Another day, another 1%+ move in the S&P 500, this time to the downside. In case you are keeping score, that's 22 such days so far this year, five out of the past seven, 22 out of the past 42; you get the picture, volatility is back. Yet, with all of the oscillations, the S&P 500 is down just 2% year to date. Yes, I am fascinated, or perhaps obsessed with my little homegrown measure of volatility, given my constant references to it.
Sometimes on the down days, like yesterday, I like to look past all of the red on my screen, to see what is in positive territory, what names held their own while the broad markets were falling. In my case, it was the high yielders in my portfolio, primarily the REITs (real estate investment trusts). REITs have had a rough run so far in 2018, primarily due to rising interest rates, which can wreak havoc on the sector, where yields become less impressive as the Fed hikes rates.
Yesterday's "winners" included three of the names ironically featured in my column from almost exactly one year ago, REITs Farmland Partners (FPI) (+.9% on the day), Getty Realty (GTY) (+.8%), and CoreCivic (CXW) (+.7%). The fourth, not a REIT, and lower-yielding Corning (GLW) was down 2%.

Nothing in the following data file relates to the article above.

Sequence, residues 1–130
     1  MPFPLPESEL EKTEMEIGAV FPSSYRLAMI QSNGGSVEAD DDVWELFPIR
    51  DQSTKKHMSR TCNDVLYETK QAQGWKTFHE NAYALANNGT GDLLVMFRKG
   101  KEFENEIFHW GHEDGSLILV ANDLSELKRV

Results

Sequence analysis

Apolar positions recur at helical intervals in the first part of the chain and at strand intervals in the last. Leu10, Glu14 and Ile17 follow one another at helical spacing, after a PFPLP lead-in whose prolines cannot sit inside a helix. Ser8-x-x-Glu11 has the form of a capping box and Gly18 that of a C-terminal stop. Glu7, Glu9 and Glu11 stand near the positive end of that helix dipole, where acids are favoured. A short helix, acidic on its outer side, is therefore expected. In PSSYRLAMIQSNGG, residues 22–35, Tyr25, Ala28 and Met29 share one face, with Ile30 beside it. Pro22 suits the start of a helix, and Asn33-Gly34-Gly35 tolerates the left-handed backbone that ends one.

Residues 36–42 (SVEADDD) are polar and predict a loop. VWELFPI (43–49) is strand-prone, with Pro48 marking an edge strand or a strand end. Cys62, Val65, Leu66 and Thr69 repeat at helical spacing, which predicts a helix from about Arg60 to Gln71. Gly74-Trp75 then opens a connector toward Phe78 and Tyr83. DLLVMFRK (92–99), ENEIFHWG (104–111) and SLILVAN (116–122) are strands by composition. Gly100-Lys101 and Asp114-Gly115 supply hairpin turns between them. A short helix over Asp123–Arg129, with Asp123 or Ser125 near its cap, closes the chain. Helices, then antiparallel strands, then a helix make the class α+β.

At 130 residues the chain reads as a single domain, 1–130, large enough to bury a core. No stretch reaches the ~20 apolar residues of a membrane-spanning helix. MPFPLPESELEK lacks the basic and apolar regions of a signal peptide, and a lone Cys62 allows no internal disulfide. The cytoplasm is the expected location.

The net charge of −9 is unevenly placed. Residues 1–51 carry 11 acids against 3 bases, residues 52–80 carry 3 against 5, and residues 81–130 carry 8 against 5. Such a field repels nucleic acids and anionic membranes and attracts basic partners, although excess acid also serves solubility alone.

The past year has not been kind to any of the three REITs. Private corrections operator CXW, ever controversial, is down about 33% over the past year, as a good deal of the post-Hillary Clinton defeat (she vowed to put an end to private prisons "when" elected) luster has worn off. CXW currently yields 8.41%, and recently hiked its quarterly dividend from 42 to 43 cents. It still trades about 50% higher than the pre-election low, including dividends.
FPI is down about 18% over the past year, as the mini-excitement from the company's merger with American Farmland has been replaced by speculation that FPI may have to cut the dividend, as well as a less positive view of farmland overall. FPI, which currently owns or has under contract 166,000 acres, (roughly 259 square miles) yields just over 6%.
GTY, the leading REIT that specializes in gas stations and convenience stores, is up slightly over the past year (+3%). Currently yielding 5.25%, the company increased the quarterly dividend 14% in December, from 28 to 32 cents. It's been an interesting road back for GTY, which ran into some trouble back in 2011, but has made a decent recovery.
During yesterday's action it was private prisons, farmland, and gas stations that provided some stability in my portfolio. We'll see how they behave the rest of the year as the Fed likely raises interest rates two (or perhaps three, in my view) more times in 2018, amid likely continuing market volatility.